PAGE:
The star CNN journalist leads us on a guided tour of his socialite mother's colorful 90-plus years.
Many a still-alert nonagenarian would doubtless appreciate an offspring orchestrating a review of their life to date, although you might have to be Anderson Cooper for the result to take the form of an HBO-produced documentary feature. The CNN journalist’s mom, of course, is famous in her own right. Liz Garbus’ “Nothing Left Unsaid: Gloria Vanderbilt & Anderson Cooper” is an entertaining overview of the famed heiress’ colorful history to date, drawing on an extensive trove of archival materials and the subject’s own testimony. Casting her as a brave survivor of numerous travails, this glossy, somewhat superfluous recap of an already much-examined life leaves one question unasked: Would there be any pressing reason to care about their personal hardships if these protagonists weren’t longtime celebrities? The Sundance-preemed pic bows on U.S. cable April 9.
As his mother passes 90 years, Cooper, her youngest son, decides to go through voluminous stores of long-neglected correspondence and mementoes, as well as have extensive on-camera sit-down sessions. They cover a saga familiar in outline to most Americans over a certain age: that of the original “poor little rich girl,” a transportation empire’s sole heir subjected to a scandalous high-profile custody battle between her somewhat irresponsible young socialite mother and older relatives when she was a child in the mid-1930s. (This had the unfortunate effect of separating her from the beloved nanny who’d done the real “parenting” from birth.)
Desire to escape the yoke of family control led to a short-lived first marriage; a longer second one to legendary conductor Leopold Stokowski, four decades her senior; a third to director Sidney Lumet; and finally to actor/scenarist Wyatt Cooper, an apparently happy union that ended when he succumbed to heart disease at age 50. Anderson Cooper was the youngest of their two sons; she had two more previously with Stokowski. Between these nuptial commitments, her lovers included Ray Milland and Frank Sinatra. Still immaculately turned out, she admits having always “loved being in love.”
The premature deaths of her father (when she was an infant), last husband and one son are viewed in terms of their personal impact on Vanderbilt (and that latter event on Anderson Cooper), triggering a certain lifelong, restless discontent. Seeking the fulfillment of self-expression and media attention, she dabbled in acting, modeling, design, writing and more, most famously branding a still-extant popular line of designer blue jeans.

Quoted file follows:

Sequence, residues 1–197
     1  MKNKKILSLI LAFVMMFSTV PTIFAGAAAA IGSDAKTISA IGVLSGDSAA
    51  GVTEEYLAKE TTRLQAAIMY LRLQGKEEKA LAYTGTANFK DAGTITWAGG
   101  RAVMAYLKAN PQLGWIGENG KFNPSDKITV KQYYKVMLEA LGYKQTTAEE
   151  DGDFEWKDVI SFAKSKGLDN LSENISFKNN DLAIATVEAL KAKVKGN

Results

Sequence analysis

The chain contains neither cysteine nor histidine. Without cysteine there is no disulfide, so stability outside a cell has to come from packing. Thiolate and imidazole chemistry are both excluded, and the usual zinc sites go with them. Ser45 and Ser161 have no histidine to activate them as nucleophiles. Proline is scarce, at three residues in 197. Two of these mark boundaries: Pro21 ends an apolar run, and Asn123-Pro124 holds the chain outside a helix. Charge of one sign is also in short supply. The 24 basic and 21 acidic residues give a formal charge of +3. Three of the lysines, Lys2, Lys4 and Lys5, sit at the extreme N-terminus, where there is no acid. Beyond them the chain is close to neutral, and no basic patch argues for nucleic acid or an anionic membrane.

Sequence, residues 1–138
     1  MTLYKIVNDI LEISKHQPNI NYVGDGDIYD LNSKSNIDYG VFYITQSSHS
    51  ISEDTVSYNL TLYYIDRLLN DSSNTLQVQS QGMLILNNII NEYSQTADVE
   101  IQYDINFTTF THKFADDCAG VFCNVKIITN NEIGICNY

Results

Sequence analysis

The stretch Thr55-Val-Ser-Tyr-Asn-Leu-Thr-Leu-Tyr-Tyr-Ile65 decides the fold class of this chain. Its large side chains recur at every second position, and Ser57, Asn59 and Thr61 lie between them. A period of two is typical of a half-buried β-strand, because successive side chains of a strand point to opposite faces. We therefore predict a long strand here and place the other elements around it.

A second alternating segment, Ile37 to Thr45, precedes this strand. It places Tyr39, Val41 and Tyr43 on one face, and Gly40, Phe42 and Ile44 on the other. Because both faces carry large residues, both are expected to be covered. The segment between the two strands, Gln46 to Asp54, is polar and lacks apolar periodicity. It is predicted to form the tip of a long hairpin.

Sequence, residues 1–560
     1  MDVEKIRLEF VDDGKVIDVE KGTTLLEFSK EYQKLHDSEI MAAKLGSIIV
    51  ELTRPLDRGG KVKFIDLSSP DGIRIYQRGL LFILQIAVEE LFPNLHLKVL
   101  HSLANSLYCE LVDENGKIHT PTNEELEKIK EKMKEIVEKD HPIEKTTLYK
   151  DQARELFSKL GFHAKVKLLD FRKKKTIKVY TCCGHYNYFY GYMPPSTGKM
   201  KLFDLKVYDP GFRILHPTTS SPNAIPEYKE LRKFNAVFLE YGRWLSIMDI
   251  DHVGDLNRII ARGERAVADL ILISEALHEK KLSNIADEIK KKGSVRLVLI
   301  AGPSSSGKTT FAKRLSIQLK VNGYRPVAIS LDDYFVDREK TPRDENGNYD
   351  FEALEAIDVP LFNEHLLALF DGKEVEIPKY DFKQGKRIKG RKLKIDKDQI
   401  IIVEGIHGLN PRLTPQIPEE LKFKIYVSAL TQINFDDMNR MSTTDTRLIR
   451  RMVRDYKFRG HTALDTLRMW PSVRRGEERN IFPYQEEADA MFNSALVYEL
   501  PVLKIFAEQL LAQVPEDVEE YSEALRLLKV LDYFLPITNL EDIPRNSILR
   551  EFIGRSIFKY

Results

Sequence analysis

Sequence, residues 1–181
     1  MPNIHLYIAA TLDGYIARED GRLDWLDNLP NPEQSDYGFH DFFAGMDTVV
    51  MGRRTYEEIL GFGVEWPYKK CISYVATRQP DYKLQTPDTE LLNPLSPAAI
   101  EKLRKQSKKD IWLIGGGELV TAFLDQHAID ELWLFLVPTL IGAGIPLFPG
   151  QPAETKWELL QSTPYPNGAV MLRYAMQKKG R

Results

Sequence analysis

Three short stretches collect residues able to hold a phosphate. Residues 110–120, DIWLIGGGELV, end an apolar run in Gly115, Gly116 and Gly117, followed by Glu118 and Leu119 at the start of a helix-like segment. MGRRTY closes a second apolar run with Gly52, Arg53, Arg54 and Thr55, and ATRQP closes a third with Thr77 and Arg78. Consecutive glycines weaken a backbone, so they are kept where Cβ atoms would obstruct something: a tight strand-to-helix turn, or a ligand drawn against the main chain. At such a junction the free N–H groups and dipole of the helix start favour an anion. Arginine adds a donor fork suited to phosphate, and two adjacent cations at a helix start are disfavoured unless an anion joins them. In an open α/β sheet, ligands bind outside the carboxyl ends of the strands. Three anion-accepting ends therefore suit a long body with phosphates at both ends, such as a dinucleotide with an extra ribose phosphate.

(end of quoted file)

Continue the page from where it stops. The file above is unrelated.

While Garbus (“What Happened, Miss Simone?,” “Bobby Fischer Against the World,” “The Farm: Angola USA”) is a highly accomplished documentarian whose intelligence can be felt shaping this sleek package throughout, it nonetheless feels like something of a vanity project, with Anderson Cooper firmly in control. Undoubtedly he gets more out of his mother than a more disinterested interviewer might. But at the same time, both are such practiced camera personalities that one can never be sure just where the line between heartfelt self-examination and discreet public performance lies. (Some unpleasant but significant topics are skipped or barely mentioned, such as Vanderbilt’s estrangement from an older child by Stokowski.)
Certainly the notion of a son preserving Mom’s keepsakes and reminiscences just to make sure “nothing is left unsaid” between them seems a tad disingenuous when that interchange involves engaging an Oscar-nominated filmmaker to make a movie for national broadcast. Do their private pains require the validation of public exposure? (Or rather, more public exposure; Vanderbilt has already published five memoirs.) Though he’s half-apologetic about raising the idea, there are a few wince-inducing moments when Anderson Cooper suggests his familial experiences of loss prepared him for covering the horrors of overseas war zones. Similarly, the air of gravity lent this admittedly affectionate, personal project doesn’t entirely succeed in justifying what often comes off like an extended high-end version of the archetypal Barbara Walters interview in which a confessing celebrity is made to cry on camera, on cue.
Having been photographed (often as a de facto fashion model) and filmed virtually since birth, Vanderbilt certainly provides a diverse, glamorous and star-studded visual biography, her devotion to changing fashion reflected in no end of striking personal looks. Perhaps the pic’s most unfamiliar aspect, and one of its most interesting, is seeing how her artwork in various media (mostly painting) has also undergone constant chameleonic shifts over the decades, revealing skill and imagination if not necessarily first-rank talent. The slick documentary’s collage of elements is further diversified by brief animation of those canvases. All tech/design contributions are smoothly polished.